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‘Almajiranci’– a literary perspective


Almajiri, Children in school

Statistics can be scary. But because they are largely abstract, we move on after a brief moment of shock or excitement.

A survey jointly conducted by the Nigerian government and the global children’s rights humanitarian agency UNICEF released frightening figures last year, detailing out-of-school-children across the country. Over 69 per cent of such children, wandering aimlessly, in permanent destitution, are in northern Nigeria.

Bauchi State has the highest with 1.1 million out-of-school-children, followed by Katsina state whose streets are littered with 782,500 children; who survive on perpetual uncertainty. The survey puts out-of-school-children in the country at 13.2 million.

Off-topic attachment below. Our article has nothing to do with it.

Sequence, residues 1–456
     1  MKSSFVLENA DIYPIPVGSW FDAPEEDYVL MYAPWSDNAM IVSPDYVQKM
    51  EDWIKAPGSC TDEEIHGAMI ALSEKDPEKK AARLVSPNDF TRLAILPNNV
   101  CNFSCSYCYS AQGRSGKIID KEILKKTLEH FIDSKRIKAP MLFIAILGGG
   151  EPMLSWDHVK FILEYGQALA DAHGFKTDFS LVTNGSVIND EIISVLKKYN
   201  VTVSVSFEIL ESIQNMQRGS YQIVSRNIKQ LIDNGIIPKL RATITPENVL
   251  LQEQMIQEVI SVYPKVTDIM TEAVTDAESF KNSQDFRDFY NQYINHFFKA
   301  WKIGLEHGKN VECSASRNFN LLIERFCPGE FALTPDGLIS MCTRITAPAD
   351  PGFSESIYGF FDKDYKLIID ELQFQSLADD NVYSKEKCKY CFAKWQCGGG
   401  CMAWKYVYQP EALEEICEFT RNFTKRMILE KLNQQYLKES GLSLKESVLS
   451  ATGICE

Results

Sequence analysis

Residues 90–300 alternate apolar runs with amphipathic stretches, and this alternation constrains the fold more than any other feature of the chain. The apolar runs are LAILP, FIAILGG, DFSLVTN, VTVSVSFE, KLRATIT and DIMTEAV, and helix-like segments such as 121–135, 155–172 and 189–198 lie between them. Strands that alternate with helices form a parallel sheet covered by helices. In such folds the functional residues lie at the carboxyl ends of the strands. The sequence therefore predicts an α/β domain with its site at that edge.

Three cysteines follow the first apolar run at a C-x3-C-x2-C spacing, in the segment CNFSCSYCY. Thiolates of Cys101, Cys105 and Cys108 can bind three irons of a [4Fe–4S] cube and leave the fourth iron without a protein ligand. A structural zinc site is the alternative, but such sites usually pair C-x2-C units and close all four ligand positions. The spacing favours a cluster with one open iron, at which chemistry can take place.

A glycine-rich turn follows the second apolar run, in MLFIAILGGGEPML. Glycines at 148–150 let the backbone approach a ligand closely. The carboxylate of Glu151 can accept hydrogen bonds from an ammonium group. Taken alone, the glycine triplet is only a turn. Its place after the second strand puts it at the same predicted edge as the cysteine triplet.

Surveys are always based on sampling. Therefore, a census of out-of-school children in Nigeria can turn out more shocking figures. If children are leaders of tomorrow and millions of them in the north are out of school, it is very easy to predict what the future may look like. But now, let us leave the future to the future, and deal with the present.
It is a welcome development that President Muhammadu Buhari resolved to address the issue of ‘Almajiranci.’ According to media reports, the federal government is aiming at eliminating the problem of out-of-school children, by working with state governments to ensure that every child has access to education. This is laudable.